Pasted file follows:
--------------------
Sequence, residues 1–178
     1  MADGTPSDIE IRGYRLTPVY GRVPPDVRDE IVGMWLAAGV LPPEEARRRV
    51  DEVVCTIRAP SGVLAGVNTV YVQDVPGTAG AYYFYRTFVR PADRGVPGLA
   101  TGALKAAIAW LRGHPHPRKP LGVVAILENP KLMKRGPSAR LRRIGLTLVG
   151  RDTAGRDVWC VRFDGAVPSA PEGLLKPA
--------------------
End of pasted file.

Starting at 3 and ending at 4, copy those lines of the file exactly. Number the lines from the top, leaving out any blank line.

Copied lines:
    51  DEVVCTIRAP SGVLAGVNTV YVQDVPGTAG AYYFYRTFVR PADRGVPGLA
   101  TGALKAAIAW LRGHPHPRKP LGVVAILENP KLMKRGPSAR LRRIGLTLVG